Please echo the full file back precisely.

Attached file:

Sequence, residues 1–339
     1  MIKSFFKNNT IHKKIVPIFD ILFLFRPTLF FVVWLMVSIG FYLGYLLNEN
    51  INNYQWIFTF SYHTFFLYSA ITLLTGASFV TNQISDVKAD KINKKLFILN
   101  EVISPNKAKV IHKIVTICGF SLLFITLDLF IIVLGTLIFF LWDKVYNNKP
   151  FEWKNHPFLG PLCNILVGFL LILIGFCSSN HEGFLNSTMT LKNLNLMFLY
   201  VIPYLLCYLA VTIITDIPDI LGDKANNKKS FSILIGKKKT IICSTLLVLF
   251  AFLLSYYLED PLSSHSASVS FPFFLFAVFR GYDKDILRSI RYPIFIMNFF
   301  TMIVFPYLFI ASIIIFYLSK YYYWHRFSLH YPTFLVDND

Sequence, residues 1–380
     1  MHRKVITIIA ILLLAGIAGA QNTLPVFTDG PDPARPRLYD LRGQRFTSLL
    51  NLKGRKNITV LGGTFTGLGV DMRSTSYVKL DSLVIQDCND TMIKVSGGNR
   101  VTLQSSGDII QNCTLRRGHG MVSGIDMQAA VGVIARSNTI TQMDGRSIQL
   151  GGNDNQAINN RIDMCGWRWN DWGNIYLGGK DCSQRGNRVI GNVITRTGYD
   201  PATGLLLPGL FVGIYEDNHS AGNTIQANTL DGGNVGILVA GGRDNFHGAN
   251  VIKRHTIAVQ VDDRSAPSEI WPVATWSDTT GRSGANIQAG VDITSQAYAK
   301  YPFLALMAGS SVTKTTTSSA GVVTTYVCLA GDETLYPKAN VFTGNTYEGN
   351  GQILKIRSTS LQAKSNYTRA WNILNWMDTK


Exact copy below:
Sequence, residues 1–339
     1  MIKSFFKNNT IHKKIVPIFD ILFLFRPTLF FVVWLMVSIG FYLGYLLNEN
    51  INNYQWIFTF SYHTFFLYSA ITLLTGASFV TNQISDVKAD KINKKLFILN
   101  EVISPNKAKV IHKIVTICGF SLLFITLDLF IIVLGTLIFF LWDKVYNNKP
   151  FEWKNHPFLG PLCNILVGFL LILIGFCSSN HEGFLNSTMT LKNLNLMFLY
   201  VIPYLLCYLA VTIITDIPDI LGDKANNKKS FSILIGKKKT IICSTLLVLF
   251  AFLLSYYLED PLSSHSASVS FPFFLFAVFR GYDKDILRSI RYPIFIMNFF
   301  TMIVFPYLFI ASIIIFYLSK YYYWHRFSLH YPTFLVDND

Sequence, residues 1–380
     1  MHRKVITIIA ILLLAGIAGA QNTLPVFTDG PDPARPRLYD LRGQRFTSLL
    51  NLKGRKNITV LGGTFTGLGV DMRSTSYVKL DSLVIQDCND TMIKVSGGNR
   101  VTLQSSGDII QNCTLRRGHG MVSGIDMQAA VGVIARSNTI TQMDGRSIQL
   151  GGNDNQAINN RIDMCGWRWN DWGNIYLGGK DCSQRGNRVI GNVITRTGYD
   201  PATGLLLPGL FVGIYEDNHS AGNTIQANTL DGGNVGILVA GGRDNFHGAN
   251  VIKRHTIAVQ VDDRSAPSEI WPVATWSDTT GRSGANIQAG VDITSQAYAK
   301  YPFLALMAGS SVTKTTTSSA GVVTTYVCLA GDETLYPKAN VFTGNTYEGN
   351  GQILKIRSTS LQAKSNYTRA WNILNWMDTK